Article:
For such a religious nation it was perhaps appropriate that it needed a biblical figure to steal the show and help Italy defeat Japan 32-19 on Sunday on a scorching hot day at Toyko’s Chichibunomiya Stadium.

Three tries from the dread-locked Martin Castrogiovanni (how many props can claim a test match hat trick?) eventually proved the difference as the Italians restored some lost pride following their defeat to Romania last week.

“He’s like Samson. We are not going to cut his hair,” said Italy coach John Kirwan after the game. “He’s had a couple of weeks off and had a little bit of extra gas, and showed why he can be one of the best players in his position in the world.”

With Japan unbeaten under new coach Mitsutake Hagimoto and winner of the Toshiba Super Powers Cup, there were high expectations, despite the experience of the opposition, which had beaten Scotland in this year’s Six Nations.

It may have been scrappy at times but this was a real test match with both sides putting their opposite numbers under pressure and forcing mistakes.

Despite Japan starting the better of the two teams, it was Italy that got on the scoreboard first through a penalty by flyhalf Rima Wakarua.

Tries by Castrogiovanni and Gonzalo Canale, the latter a solo effort as he followed up his own kick and chase from his own 10-meter line, saw Italy stretch out to a 15-0 lead, but Kyohei Morita and Wataru Ikeda added a drop goal and penalty, respectively, as Japan pulled back to 15-6 at the halftime break.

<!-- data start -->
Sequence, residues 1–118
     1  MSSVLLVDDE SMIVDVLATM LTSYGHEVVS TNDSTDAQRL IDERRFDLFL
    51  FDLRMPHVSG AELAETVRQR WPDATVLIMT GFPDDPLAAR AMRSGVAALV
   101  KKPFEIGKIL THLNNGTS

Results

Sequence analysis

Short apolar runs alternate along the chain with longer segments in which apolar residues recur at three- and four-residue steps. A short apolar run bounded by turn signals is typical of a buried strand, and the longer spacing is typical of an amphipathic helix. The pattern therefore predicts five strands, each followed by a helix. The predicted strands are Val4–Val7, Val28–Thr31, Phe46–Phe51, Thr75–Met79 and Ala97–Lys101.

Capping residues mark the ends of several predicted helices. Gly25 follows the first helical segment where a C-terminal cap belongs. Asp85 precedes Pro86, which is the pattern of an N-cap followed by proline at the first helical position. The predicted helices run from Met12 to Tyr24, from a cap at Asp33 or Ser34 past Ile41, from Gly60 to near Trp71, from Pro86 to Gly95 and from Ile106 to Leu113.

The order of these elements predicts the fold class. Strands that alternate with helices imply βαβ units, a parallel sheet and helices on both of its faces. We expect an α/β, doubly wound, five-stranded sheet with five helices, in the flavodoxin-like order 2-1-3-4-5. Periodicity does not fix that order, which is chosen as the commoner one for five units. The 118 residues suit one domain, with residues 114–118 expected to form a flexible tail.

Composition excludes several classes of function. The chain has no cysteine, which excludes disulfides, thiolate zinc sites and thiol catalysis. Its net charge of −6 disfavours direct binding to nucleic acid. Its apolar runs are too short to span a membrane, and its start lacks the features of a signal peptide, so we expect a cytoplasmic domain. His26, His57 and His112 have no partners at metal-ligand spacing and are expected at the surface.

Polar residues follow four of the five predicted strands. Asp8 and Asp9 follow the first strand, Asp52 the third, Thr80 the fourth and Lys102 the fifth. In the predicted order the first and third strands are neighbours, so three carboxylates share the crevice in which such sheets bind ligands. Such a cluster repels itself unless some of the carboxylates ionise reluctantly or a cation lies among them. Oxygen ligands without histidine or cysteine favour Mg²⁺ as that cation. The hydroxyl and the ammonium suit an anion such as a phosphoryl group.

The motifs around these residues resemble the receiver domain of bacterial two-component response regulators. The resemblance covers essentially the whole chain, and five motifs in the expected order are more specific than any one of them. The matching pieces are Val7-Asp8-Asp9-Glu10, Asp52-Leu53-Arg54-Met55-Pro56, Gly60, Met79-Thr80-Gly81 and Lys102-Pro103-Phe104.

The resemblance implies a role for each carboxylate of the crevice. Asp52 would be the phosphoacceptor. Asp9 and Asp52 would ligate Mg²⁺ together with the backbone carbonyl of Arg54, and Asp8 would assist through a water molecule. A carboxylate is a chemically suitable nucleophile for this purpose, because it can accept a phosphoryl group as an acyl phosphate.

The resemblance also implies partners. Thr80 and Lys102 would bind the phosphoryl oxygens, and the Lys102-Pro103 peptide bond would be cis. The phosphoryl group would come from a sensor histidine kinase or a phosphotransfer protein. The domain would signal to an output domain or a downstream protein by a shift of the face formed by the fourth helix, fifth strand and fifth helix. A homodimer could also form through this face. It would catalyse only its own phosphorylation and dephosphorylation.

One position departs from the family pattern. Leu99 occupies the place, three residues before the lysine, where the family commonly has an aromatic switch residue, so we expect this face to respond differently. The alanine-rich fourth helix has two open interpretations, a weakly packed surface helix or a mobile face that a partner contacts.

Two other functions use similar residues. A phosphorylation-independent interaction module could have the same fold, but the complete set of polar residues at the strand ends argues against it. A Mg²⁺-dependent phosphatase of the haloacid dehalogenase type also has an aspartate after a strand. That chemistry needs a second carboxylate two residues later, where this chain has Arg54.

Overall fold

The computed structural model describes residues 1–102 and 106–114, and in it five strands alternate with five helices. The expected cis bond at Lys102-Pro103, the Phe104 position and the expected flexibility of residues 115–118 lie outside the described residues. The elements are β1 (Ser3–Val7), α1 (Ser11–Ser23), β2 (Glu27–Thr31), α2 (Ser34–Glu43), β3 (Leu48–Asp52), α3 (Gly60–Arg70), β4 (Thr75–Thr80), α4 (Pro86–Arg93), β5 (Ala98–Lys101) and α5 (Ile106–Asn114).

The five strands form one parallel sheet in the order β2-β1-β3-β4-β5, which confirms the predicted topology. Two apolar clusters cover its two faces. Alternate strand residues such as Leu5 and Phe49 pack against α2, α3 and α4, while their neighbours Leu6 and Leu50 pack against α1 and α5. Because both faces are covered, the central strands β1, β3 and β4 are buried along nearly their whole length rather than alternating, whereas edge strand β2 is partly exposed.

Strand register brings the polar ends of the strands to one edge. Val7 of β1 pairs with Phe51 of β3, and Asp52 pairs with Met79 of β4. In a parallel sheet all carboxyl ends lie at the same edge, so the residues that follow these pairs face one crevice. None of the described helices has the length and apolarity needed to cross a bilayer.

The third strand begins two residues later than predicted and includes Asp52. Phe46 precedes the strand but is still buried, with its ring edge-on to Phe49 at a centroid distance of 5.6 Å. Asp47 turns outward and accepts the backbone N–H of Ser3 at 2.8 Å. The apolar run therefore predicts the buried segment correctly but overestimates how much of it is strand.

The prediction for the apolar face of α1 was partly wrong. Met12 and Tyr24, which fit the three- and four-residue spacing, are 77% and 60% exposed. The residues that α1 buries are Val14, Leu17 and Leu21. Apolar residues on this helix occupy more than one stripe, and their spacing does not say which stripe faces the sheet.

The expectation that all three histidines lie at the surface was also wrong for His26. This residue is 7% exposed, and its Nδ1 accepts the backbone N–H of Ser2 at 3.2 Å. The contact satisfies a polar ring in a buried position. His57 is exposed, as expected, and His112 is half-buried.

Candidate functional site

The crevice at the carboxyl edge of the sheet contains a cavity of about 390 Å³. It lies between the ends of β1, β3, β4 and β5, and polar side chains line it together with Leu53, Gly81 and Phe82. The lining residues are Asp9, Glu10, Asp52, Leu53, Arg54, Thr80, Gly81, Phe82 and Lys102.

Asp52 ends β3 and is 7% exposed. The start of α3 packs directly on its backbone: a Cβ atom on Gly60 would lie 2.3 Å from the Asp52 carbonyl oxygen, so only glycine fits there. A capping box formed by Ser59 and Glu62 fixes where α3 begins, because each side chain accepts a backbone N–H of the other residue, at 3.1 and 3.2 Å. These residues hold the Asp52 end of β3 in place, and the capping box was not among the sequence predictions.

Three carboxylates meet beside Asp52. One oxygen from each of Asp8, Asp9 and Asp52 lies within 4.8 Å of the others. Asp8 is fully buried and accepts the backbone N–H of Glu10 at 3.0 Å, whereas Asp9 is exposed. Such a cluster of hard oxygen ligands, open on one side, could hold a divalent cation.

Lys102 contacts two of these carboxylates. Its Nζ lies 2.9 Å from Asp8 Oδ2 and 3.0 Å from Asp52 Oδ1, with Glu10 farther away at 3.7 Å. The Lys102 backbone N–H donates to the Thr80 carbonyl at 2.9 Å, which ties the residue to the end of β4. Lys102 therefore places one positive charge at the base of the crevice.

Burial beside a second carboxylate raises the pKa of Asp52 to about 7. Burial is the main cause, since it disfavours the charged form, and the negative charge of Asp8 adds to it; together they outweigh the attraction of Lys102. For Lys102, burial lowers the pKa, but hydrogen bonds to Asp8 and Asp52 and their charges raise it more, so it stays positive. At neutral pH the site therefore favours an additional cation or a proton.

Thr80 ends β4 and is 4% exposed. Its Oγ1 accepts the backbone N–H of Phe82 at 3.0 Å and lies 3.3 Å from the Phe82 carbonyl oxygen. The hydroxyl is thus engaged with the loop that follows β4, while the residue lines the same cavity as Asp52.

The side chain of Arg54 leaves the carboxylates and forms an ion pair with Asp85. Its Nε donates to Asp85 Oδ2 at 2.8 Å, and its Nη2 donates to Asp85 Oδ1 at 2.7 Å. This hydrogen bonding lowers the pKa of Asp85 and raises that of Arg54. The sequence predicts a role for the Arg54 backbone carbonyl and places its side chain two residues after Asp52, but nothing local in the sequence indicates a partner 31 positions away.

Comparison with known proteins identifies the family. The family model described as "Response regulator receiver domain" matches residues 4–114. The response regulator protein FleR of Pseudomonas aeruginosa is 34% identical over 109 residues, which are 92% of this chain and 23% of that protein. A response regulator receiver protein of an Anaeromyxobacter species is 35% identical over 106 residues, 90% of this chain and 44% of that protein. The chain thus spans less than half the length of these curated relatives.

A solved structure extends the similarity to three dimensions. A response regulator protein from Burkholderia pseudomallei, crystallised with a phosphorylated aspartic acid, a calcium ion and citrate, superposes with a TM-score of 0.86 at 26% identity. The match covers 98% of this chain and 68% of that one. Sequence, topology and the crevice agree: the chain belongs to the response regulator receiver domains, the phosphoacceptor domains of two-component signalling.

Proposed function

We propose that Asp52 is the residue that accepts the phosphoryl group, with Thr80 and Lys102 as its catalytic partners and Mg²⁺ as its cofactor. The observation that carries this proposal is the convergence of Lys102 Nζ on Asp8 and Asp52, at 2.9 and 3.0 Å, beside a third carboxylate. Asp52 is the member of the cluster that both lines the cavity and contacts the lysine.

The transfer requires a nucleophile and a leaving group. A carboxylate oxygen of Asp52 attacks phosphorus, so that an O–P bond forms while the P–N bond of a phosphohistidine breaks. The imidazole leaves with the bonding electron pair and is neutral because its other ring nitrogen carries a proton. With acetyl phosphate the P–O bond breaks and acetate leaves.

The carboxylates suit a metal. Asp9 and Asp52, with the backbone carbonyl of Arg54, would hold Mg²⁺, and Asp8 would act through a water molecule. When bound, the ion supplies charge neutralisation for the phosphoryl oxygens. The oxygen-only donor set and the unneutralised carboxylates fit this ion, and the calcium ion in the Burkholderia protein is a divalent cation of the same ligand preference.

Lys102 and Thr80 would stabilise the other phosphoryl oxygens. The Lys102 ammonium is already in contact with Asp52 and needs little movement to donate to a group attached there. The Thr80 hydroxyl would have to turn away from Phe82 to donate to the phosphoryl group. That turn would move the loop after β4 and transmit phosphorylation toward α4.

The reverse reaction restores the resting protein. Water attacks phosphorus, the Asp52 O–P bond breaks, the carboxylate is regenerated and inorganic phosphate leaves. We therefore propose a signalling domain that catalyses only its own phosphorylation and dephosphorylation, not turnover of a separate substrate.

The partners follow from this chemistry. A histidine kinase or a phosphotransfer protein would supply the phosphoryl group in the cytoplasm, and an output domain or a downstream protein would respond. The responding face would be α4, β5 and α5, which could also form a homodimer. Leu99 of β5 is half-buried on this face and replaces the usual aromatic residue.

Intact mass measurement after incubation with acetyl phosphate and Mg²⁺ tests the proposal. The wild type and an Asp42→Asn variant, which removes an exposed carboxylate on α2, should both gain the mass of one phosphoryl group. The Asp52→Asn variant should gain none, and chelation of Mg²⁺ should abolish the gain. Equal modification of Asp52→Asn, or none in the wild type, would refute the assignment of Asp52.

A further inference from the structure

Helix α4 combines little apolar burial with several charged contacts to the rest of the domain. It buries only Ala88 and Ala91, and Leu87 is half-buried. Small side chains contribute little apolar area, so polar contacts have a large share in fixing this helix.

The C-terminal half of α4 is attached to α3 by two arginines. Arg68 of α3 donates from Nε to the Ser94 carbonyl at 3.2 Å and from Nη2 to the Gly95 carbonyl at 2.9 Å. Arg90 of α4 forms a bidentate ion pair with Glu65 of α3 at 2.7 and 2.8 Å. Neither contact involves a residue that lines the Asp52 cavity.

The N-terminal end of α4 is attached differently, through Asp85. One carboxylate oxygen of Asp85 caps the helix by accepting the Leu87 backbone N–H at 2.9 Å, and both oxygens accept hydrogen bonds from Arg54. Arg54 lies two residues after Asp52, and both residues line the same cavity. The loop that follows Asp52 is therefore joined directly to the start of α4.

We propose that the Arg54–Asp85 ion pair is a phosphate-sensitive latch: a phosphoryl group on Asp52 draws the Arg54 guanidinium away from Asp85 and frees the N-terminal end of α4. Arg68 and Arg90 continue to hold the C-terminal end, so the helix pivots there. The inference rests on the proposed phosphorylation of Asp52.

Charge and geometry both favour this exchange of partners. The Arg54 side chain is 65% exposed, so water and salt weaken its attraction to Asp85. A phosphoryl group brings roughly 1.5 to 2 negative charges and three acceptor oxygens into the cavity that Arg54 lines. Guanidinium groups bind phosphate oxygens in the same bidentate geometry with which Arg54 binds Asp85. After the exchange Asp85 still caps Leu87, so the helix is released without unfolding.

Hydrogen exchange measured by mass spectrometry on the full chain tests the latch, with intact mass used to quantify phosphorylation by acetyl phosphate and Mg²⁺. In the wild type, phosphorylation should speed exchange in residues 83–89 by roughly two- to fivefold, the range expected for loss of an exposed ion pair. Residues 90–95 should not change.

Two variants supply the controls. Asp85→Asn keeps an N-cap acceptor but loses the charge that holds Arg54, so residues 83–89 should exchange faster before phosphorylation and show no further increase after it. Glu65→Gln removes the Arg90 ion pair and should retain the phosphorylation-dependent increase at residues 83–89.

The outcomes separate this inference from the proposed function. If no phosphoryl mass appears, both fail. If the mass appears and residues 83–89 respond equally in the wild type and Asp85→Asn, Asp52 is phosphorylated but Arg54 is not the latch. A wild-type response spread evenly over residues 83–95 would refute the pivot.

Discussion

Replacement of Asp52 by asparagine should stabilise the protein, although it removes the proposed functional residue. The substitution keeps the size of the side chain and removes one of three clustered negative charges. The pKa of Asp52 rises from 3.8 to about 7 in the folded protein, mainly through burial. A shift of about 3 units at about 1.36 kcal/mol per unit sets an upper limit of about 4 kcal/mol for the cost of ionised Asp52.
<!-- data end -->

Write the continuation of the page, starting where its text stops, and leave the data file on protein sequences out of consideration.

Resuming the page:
With Ikeda and Wakarua trading penalties early in the second half, the turning point in the game came in the 50th minute when Daisuke Ohata used his blinding speed to regather a kick from Hirotoki Onozawa only to knock on as he tried to apply downward pressure in the in-goal area.

“It was a critical point in the game as Japan seemed to be coping better with the weather,” said Kirwan. “The game could have been different if he had scored.”

As it was, Onozawa did score in the 75th minute to set up a grandstand finish, but Castrogiovanni’s third try in the 81st minute silenced the crowd, described by lock Adam Parker as the liveliest he had seen in Japan.

“The game showed the difference in the IRB world rankings,” said Japan coach Mitsutake Hagimoto, referring to the fact that Italy is ranked 11th to Japan’s 18th.

“The players just weren’t able to put into practice what we had been doing in training.”

Parker perhaps summed up the disappointment in the Japan locker room when he said: “We had a realistic goal of winning. It’s frustrating.”

It perhaps says something of the advances made in Japanese rugby in the last year that a loss to a team that regularly plays the best in the world should be greeted with such disappointment.

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